State Capitalism: The New Economic Norm?

April 8, 2019

Governments across the world are caving into the temptation to drastically intervene in their economies. While the U.S. economy continues to boom, many regions of the world are beginning to experience an economic slowdown. World trade volume recently performed its worst since 2009, and officials find themselves slashing their forecasts for global growth. In light of the economic squeeze and exacerbated by China’s expanding economic influence, many European leaders are toying with the idea of partially replacing their free market systems with more state-oriented policies. Nations such as Germany are proposing to directly invest in certain industries, hoping that cooperation between the state and businesses will facilitate economic prosperity.

Europe’s proposed shift away from free markets and toward state-directed investment is one signal of the rise of state capitalism. This economic system is one in which governments hold massive control over an economy through ownership, management, or pecuniary backing of strategic businesses or industries. China is a perfect example, as its government owns many large businesses and provides subsidies and loans to industries while protecting certain markets. One of China’s central policies, Made in China 2025, is a state-run initiative aimed at transforming China into a global tech superpower. The United States, on the other hand, largely places free markets and open competition as the primary force behind the success or failure of a business.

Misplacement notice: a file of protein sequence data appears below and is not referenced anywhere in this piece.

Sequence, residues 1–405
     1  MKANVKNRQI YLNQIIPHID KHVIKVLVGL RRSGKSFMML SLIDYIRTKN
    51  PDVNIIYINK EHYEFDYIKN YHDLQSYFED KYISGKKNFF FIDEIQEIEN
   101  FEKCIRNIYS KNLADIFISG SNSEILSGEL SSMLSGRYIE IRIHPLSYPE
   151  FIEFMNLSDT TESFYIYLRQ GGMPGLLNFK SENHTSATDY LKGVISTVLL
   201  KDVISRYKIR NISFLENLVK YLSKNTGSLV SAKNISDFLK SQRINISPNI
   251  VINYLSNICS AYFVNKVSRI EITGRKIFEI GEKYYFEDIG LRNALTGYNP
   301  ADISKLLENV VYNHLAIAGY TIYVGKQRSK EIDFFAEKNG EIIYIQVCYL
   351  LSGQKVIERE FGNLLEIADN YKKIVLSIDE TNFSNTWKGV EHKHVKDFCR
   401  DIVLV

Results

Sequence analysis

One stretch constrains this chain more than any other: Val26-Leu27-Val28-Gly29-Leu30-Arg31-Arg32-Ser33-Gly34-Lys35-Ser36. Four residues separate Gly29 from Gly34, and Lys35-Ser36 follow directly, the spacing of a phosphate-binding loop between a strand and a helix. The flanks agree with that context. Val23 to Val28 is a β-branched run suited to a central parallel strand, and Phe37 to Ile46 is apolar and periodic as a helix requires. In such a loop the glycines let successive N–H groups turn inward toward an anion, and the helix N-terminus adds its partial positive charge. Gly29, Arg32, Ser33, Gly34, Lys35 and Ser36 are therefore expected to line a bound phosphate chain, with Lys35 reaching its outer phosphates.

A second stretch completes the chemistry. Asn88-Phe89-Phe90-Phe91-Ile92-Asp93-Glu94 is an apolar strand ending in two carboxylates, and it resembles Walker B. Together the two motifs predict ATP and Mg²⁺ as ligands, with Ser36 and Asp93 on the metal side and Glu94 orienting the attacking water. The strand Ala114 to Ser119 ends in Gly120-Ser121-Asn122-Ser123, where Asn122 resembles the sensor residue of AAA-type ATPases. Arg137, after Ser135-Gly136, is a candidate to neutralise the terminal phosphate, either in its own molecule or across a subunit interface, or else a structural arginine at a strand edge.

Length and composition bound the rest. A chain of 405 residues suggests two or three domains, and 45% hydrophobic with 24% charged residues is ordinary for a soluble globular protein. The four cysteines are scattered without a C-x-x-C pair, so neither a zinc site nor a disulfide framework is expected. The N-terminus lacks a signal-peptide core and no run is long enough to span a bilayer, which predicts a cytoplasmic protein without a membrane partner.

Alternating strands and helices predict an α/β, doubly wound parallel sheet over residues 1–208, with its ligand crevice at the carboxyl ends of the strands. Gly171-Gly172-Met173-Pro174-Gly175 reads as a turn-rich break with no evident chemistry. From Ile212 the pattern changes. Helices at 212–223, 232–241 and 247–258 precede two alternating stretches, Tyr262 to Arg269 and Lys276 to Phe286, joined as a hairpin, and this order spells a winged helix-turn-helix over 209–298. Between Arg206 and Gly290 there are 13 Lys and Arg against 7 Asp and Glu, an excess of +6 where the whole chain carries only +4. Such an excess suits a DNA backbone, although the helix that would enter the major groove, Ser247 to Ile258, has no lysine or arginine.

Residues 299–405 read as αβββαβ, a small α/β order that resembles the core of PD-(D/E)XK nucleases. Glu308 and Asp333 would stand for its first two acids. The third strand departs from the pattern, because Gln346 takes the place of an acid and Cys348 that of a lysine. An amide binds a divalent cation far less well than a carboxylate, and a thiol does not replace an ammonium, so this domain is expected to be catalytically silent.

Although the differences between these dual systems may appear trivial at first glance, state capitalism carries enormous political and economic risks. Ian Bremmer, the president and founder of a political risk consultancy called Eurasia Group, highlights the political dangers of state capitalism due to its centralization of economic decision making. He claims that this “form of bureaucratically engineered capitalism” allows the state to dominate “markets primarily for political gain,” as leaders in nations with emerging markets, such as in Russia and China, view public wealth, investment, and enterprise as “the surest path toward politically sustainable economic development.” Long-term state control of an economy also breeds corruption and authoritarianism, as manifested by Russia, China, and Venezuela, and the result is an abuse of civil rights and individual freedoms.

State capitalism also poses tremendous economic threats. Although the United States is allies with several state capitalist nations that are currently democratic, the proclivity toward authoritarianism remains, and the possibility of severe economic damage is high. Bremmer mentions how interventionism and protectionism are the largest economic threats of state capitalism, and he notes how American protectionism in the 1930s turned the Great Depression into a global economic war. State companies also use capital less efficiently, grow more slowly, discourage investment, and disincentivize free and fair trade.

As state capitalism continues to rise, the United States and other nations should recognize the perils associated with it and uphold their commitment to a free market system. Although state capitalism may be a tempting model for economic development, its political and economic repercussions far outweigh potential benefits. Even though the free market may eventually prevail, as Ian Bremmer believes, one should not overlook the growing ideological preference for state capitalism and the perversion which it brings.


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